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Lean versus Learnin...
Lean versus Learning? Work Organizations, Innovation and Job Quality in the Aerospace Industry in France and Sweden
Ahlstrand, Roland (författare)
Gautié, Jérôme (författare)
Malmö University Faculty of Education and Society. (creator_code:org_t)
Malmö University Society, culture and identity (SKI). (creator_code:org_t)
- Seoul, Korea : The 18th International Labour and Employment Relations Association (ILERA) World Congress, 2018
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- To cope with fierce competition in an increasing globalized context, many companies tend to reduce wage costs and intensify work, adopting what could be labelled as social dumping strategies, with negative effects on job quality (JQ) - this term encompassing compensation, employment status, work conditions, but also training and promotion opportunities. Innovation - defined here as any significative and valuable change in product, process, marketing or organisation -is often presented as the solution to break this potential vicious circle. Still, this positive view must be assessed. To do so, we need to open the "black box" of firms, to analyse more precisely the nature, the motivation, the modes of implementation, and the outcomes of innovation, by scrutinizing all the mechanisms at play. The paper focuses here on the interplay between innovation and JQ, in a specific industry, Aerospace, which is an innovation leader, with numerous spill-over effects on other manufacturing industry. Our study relies on qualitative empirical evidence from in-depth firm case studies, carried out in two countries that are good illustrations of different varieties of capitalism, France and Sweden. The firms under study have introduced a wide range of technological process innovations, such as 3D Computer-Aided-Design and different forms of Computer Aided Manufacturing and automated processes - from Computer Numerical Control (CNC) machines to robots. If there were some common features concerning the impacts in terms of JQ, there were also differences related to organizational and managerial choices across firms - whether because organization mediated the impact of technological changes, or because these changes were highly interlinked with organisational ones. There were indeed important organizational changes in the firms of our sample, recent or still going on at the time of our study. These changes were sometimes considered even more important than technological innovations. One important change was the introduction of "lean" principles. But the way "lean" was implemented was in fact quite different across the different cases, with different consequences in terms of JQ. A quite rigid top-down "lean", dominant in France, contrasted with a more flexible form, more compatible with the "learning" type of organization witnessed in Sweden. One interesting difference between the two types of organization was the role of trade-unions in the "innovation-JQ" nexus. Still, in France, a growing concern about the limits of existing organisation was arising, as (better) work organisation was more and more identified as a key determinant of an innovative workplace - defined as a work environment that provides a fertile ground for innovations of any kind. Some organizational innovations (sometimes quite radical) were put in place to improve JQ, in particular in terms of worker's autonomy and involvement, to move from a "lean" to a more "learning" type of organization. Overall, our contribution highlights some key mechanisms of the interplay between work organization, JQ and innovation, and sheds light on some hotly debated issues concerning the impact of new technologies on the quality of jobs.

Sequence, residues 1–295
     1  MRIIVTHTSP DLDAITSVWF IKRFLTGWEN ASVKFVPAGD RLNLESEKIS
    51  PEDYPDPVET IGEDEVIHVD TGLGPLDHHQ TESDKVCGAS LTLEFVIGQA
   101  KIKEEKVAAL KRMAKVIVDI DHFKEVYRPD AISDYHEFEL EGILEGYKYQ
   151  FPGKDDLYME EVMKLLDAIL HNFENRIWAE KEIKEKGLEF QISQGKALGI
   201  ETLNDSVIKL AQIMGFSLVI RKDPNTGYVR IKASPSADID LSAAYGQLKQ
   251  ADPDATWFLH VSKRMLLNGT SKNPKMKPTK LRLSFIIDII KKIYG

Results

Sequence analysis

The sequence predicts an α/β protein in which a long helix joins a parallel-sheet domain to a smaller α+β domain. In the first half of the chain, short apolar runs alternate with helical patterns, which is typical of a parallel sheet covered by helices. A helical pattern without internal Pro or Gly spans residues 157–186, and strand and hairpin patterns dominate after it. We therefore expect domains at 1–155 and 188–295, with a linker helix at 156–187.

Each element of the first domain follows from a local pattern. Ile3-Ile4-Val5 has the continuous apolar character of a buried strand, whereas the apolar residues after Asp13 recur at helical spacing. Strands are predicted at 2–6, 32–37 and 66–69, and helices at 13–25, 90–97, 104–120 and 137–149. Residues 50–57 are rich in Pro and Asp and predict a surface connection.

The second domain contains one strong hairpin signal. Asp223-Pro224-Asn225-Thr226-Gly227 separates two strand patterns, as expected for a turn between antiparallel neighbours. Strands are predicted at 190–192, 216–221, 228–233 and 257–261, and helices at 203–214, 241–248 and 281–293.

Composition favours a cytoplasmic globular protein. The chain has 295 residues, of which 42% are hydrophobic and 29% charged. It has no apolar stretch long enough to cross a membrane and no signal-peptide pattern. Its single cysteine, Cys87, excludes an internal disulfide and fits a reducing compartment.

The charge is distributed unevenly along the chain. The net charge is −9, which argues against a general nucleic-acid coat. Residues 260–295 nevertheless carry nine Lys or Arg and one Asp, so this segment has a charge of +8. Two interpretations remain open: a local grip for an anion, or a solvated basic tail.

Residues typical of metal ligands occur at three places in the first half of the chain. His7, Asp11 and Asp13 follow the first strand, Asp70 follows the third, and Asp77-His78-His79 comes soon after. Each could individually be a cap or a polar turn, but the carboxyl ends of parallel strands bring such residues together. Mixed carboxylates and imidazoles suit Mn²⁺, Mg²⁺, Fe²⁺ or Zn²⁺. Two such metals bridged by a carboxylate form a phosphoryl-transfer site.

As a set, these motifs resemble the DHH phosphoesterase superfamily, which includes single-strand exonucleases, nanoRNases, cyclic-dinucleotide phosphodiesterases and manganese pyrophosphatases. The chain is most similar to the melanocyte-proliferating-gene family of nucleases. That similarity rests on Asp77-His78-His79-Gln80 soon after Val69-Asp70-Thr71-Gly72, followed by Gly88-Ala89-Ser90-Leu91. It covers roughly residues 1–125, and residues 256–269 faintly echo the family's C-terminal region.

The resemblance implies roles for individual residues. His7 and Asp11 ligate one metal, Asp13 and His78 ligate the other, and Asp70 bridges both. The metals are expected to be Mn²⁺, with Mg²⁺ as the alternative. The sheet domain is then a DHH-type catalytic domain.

- SOCIAL SCIENCES
- Humanities/Social Sciences
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